Two months (and one day) after we returned home, I wanted to write down some final reflections of our trip. I’m delayed, yes. But I’m also doing this for myself, so being on time matters less.
This will be question-and-answer style—the questions that I asked Daddy as we mused over our last pint of Guinness in Ireland, at a pub in Dublin, at a table next to two Canadians who were having their first.
You have to find your own adventures.
Q: Where was the best meal?
A: The Pie Maker, hands down.
Q: Favourite place we stayed?
A: For personality, The Olde Bakery. Chrissie was fun, engaging, warm, genuine, and so welcoming as to one-up everybody else without even trying.
Q: Anything you could have done without?
A: Not what you think! On the other side was some of the most beautiful scenery we saw.
Maybe nothing. Even on days that were cold or dreary, we were still presented with beautiful photographic opportunities.
Q: One thing not to miss?
Any of it, really! Everything exceeded expectations.
Q: Next time?
Galway. Kinsale. Dingle, Ring of Kerry. All of Northern Ireland. Donegal [Ed.: Elaine and Norma, our Irish friends from the hurling match, were from there and said that it’s not to miss.]
Q: Any times you were most concerned/stressed/fearful for your life?
A: Driving any of the peninsula roads at 100km/h. [Ed.: Ahem…]
Q: Anything you wish you had packed?
A: Heavier hooded sweatshirt, but that could have been done without had it not been quite so unseasonably cold.
Q: Anything you wish you hadn’t?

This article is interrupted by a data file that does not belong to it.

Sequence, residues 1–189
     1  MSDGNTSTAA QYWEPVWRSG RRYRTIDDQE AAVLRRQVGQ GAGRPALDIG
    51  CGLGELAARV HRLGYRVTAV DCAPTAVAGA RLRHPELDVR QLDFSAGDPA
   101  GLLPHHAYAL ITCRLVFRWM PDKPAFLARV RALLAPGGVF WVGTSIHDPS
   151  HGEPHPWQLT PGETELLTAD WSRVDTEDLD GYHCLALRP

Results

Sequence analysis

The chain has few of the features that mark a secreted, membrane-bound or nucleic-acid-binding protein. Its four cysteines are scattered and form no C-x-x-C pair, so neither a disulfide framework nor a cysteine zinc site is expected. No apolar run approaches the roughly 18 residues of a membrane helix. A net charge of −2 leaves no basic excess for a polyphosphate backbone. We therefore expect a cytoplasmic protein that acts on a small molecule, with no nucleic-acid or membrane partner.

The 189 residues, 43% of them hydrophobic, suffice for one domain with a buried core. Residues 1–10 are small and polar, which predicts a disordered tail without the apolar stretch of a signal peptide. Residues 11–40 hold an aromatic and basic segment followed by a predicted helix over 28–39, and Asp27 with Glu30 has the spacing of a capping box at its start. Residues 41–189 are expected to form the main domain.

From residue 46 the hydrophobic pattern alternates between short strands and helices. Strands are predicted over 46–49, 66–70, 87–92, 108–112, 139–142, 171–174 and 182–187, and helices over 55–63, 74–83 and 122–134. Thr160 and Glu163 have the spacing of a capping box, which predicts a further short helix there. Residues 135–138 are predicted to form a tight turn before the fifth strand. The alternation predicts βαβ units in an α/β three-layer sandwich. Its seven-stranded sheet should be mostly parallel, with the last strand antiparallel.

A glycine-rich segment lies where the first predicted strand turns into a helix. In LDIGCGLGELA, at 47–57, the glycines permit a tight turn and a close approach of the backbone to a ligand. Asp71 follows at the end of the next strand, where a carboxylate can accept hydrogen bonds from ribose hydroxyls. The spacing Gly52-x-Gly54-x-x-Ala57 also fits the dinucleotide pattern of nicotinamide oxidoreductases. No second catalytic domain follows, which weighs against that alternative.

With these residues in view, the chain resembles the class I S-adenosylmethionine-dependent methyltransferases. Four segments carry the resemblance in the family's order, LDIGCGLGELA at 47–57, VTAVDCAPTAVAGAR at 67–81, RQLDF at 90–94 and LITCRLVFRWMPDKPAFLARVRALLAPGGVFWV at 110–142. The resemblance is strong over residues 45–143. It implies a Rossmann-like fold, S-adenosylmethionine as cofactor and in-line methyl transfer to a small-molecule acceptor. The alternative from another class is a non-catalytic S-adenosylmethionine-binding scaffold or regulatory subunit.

A: One of the pairs of pants and maybe three fewer shirts, because you can get along with a whole lot less than you even think you can. One pair of pants for two weeks is enough.
Q: Top travel tip to share?
A: Bring half as many clothes as you think you need…and twice as much money. Two pair of shoes is more than enough/enough. (I respectful disagree, but three is probably fine.)
Q: Three most useful pieces of clothing?
A: Hat, scarf I recommended, weather-resistant jacket.
And a comfortable pair of shoes. Then bring underwear and socks, and anything else is extra.
Q: Any stereotypes that rang particularly true? Or any that were unfounded?
A: There’s greater diversity in big cities than I would have expected. Dublin is much more cosmopolitan that you’d be led to believe.
Germans are oblivious—not rude and crude, but could use a little brushing up on their etiquette. [Ed.: I love how the stereotype was about the Germans…]
These were all unexpected. You can’t orchestrate that. What the tour books say is likely over-promoted. You have to find your own adventures.